Subsequently, the Tribunal examined the notoriety of the applicant and her prior conduct. In doing so, the ECtHR held that the “applicant, an eleven-year-old pupil at the time of the interview, was not a public or newsworthy figure” [para. 52]. Additionally, the Court underscored the fact that, since the right to the protection of the applicant’s image was overseen by her parents, “the prior consent of the applicant’s parents to the broadcast of the interview was an important element in the assessment of the case” [para. 52], as established by Reklos and Davourlis v. Greece.
Lastly, the Court analyzed the circumstances in which the images were taken and the content, form, and consequences of broadcasting the news report including the interview. The Court reiterated the fact that “the applicant’s parents or legal representative did not at any time give their consent to the broadcast of the interview” [para. 53]. In light of this, the ECtHR considered that national courts “failed to give due consideration to the obligations imposed by Article 8 to protect the applicant’s private life, given also her vulnerability as a child” [para. 53]. The Tribunal criticized the argument by which the behavior of the teachers and students at the school would have been the same even if the applicant’s parents had consented to the interview. For the Court this position sees parental consent as a mere formal requirement, rather than a safeguard that would have allowed the applicant’s mother, had she been aware of the interview, “the possibility to oppose it” [para. 54].
The ECtHR also noted that, regardless of whether the applicant’s face had been blurred out in the broadcast of the television report, an issue of dispute between the parties, the fact was that “the applicant was easily recognisable on the video recording […] and she was effectively recognised by her schoolmates and teachers, if only by her voice, which had not been distorted in any way in order to protect her image and privacy” [para. 55]. For the Court, none of the superior national courts that studied the case “thoroughly examined the steps that the defendant undertook to protect the identity of the applicant” [para. 55].
The Tribunal considered that —following MGN Limited v. the United Kingdom and Alkaya v. Turkey— even when news reports contribute to public debate, the disclosure of private information, such as the identity of a minor, has to be justified. In the case at hand, these considerations were especially compelling for the Court, which “expressed doubts as to the contribution to a debate of public interest of the exposure of the opinions of the applicant, a child who did not witness the event in question” [para. 56].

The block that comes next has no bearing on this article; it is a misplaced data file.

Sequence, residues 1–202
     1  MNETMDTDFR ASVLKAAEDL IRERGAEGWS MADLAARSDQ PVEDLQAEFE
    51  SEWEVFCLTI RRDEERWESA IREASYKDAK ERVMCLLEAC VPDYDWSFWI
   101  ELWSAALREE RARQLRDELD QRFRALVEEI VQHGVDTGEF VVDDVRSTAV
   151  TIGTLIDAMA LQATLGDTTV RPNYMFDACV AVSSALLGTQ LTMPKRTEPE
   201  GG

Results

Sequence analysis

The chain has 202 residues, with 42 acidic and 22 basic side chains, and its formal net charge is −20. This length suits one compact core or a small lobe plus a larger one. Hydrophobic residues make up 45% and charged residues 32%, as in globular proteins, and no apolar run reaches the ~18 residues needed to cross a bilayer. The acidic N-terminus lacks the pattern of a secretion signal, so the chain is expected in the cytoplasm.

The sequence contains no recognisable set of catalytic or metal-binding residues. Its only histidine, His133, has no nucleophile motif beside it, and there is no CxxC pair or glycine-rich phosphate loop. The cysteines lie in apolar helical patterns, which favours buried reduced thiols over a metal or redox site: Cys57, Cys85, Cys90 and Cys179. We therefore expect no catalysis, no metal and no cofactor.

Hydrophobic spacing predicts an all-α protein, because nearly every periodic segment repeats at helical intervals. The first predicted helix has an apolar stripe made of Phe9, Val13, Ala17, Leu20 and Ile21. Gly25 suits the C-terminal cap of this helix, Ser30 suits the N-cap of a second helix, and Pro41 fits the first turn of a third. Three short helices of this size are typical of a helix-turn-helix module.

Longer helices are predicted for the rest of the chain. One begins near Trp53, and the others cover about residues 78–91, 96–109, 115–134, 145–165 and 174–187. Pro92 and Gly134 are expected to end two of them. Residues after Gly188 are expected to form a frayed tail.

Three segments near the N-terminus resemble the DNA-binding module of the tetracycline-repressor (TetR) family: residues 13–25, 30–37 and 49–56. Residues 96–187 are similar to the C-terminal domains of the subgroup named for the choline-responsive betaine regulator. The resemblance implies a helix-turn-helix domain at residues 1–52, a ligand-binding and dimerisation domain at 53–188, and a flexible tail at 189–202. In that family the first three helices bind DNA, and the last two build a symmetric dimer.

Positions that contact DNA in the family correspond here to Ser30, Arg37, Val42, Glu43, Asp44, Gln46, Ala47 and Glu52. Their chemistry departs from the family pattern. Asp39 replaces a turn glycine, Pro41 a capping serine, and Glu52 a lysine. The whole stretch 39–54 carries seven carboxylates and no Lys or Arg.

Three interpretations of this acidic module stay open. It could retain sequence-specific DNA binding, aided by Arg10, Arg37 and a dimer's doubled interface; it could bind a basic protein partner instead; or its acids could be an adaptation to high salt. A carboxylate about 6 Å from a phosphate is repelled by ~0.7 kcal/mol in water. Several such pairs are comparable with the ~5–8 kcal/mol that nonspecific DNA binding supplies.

The Court also noted that the higher domestic courts failed to duly examine the compliance of company X to the domestic regulatory framework, which provides that “the right of the minor to his or her private life and private image prevails over the need for information, especially in the case of a minor in a difficult position” (Article 3 § 3 of NAC Decision no. 220/2011) [para. 57]. The ECtHR also considered that “the broadcast had serious repercussions on the applicant’s well-being and private life” [para. 60] since she suffered from anguish and distress after the publication of the interview.
For the Court, the higher domestic courts of Romania failed to correctly balance the competing rights to privacy and freedom of expression. The young age and lack of notoriety of the applicant, compounded by the little contribution that her interview “was likely to bring to a debate of public interest” [para. 62], the absence of parental consent, and the particular interest in the protection of the private life of minors, were sufficiently strong reasons for the ECtHR to consider that the state of Romania failed to comply with its “positive obligations to protect the applicant’s right to respect for her private life” [para. 62]. Thus, the Court considered that Romania violated Article 8 of the ECHR.
Decision Direction indicates whether the decision expands or contracts expression based on an analysis of the case.
Although this decision limits freedom of expression, it does so after carefully balancing the right to privacy of minors and the freedom to report on matters of public interest of media companies. The restrictions outlined in this judgment closely follow previous case law by the ECtHR regarding the valid limits of freedom of expression when in tension with the rights of others, especially privacy, and in this case the privacy of minors.